While agencies across the government are significant amounts on IT, most “are not capturing full value from their investments” in part because much of that spending goes toward maintaining siloed legacy systems rather than investing for the future, says a report from the Accenture consulting firm.
“There are varied reasons for this. Budget and administrative constraints, for example, encourage agencies to pursue piecemeal approaches to IT modernization, which tend to be less effective. Spending on the maintenance of legacy IT systems has ballooned as a result. During 2014-19, such spending rose by 13%, to consume nearly 80% of the U.S. government’s total IT spending,” it said.
Following a survey to which some 350 senior federal IT officials responded, the company said that about a fifth of agencies qualified as “leaders” in IT spending due to their concentration on future-focused procurements such as cloud computing and artificial intelligence, applied them widely in the organization and adapted their organization cultures to use them. On the low end were about the same number of “late adopters” who were more focused on a “patchwork of single-point solutions.”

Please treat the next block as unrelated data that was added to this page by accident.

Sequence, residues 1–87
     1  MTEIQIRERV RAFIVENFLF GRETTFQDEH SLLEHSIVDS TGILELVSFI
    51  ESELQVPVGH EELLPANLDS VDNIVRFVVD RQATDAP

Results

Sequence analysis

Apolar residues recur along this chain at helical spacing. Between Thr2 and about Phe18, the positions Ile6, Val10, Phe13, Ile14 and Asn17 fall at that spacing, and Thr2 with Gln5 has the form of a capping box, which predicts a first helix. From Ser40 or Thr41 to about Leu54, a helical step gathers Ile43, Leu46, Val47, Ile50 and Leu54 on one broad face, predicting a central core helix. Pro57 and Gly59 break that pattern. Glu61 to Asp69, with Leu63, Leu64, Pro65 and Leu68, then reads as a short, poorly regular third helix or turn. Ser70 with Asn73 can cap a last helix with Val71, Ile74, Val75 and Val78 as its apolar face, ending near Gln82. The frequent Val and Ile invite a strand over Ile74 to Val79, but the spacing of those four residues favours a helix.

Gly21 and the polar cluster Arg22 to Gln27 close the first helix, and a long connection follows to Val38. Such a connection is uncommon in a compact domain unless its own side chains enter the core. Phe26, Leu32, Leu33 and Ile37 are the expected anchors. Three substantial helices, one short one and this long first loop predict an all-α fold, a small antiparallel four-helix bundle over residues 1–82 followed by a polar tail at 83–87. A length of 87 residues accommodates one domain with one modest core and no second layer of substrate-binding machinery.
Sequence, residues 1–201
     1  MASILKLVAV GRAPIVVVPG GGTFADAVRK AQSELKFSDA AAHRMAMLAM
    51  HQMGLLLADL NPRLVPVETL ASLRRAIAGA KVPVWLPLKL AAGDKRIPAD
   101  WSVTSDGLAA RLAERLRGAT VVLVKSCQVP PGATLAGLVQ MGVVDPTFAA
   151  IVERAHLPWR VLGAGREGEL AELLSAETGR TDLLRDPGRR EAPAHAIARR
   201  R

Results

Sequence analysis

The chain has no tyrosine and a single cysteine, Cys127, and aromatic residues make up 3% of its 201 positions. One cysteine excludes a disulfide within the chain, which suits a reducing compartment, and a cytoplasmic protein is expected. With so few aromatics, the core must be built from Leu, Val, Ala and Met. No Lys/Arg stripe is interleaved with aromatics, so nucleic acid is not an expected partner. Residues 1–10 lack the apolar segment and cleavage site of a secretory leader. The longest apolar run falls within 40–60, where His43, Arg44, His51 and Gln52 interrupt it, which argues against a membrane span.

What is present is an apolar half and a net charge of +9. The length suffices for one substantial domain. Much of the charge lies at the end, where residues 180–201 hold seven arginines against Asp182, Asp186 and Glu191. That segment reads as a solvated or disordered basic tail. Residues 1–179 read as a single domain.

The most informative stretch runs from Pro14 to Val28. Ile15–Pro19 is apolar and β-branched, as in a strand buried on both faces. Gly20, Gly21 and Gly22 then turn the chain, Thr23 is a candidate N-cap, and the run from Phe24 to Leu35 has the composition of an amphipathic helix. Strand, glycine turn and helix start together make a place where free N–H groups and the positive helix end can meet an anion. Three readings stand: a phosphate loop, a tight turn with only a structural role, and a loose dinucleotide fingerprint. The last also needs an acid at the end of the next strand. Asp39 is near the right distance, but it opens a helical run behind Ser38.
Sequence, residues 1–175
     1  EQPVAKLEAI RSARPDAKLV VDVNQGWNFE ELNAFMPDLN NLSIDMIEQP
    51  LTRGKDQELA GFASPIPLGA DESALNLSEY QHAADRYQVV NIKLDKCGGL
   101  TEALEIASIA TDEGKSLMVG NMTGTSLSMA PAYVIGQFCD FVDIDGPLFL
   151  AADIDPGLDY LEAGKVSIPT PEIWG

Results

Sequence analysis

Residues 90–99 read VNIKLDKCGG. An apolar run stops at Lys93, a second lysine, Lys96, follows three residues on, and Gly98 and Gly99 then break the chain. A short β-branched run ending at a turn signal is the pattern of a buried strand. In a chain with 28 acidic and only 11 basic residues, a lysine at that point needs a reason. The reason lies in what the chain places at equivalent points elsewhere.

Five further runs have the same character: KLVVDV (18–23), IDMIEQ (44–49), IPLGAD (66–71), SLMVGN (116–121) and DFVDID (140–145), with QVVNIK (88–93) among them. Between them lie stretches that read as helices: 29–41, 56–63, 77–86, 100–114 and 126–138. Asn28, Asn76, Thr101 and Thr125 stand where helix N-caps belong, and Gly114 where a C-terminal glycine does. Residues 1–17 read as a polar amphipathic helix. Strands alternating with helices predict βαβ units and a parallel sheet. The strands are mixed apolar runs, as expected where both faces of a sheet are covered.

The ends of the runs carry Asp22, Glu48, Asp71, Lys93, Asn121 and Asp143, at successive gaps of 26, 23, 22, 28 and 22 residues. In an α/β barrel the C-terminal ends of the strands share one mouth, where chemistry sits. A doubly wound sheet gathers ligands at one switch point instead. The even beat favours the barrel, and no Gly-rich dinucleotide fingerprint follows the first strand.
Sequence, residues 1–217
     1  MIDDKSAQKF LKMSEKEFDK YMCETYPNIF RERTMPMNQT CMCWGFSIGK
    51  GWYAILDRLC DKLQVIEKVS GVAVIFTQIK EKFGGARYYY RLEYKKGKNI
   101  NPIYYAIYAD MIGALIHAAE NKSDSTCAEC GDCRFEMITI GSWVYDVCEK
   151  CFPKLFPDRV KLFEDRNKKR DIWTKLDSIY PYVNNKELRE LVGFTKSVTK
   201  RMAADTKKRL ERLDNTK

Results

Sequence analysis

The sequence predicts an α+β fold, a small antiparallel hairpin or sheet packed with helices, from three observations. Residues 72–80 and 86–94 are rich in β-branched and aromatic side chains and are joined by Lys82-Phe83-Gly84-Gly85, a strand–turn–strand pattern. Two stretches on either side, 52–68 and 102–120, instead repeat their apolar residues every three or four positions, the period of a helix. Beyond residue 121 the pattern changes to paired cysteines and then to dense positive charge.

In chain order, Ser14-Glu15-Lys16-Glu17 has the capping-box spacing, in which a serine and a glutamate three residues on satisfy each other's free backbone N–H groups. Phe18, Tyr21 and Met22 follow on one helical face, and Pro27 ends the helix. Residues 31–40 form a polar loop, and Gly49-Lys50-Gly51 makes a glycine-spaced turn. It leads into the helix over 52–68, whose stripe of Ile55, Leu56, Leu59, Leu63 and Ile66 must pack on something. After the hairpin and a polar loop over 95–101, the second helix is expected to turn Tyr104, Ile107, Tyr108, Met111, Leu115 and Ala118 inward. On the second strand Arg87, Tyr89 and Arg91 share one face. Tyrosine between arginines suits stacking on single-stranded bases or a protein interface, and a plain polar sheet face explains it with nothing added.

It noted that two-thirds of executives from agencies in the former group were satisfied with their return on technology investments while that was true of only 16 percent of those in the latter group. Those in the leaders group also are more likely to see higher levels of citizen satisfaction, cost-savings and improved performance, ability to track return on their investment, and gather insights to drive change, it said.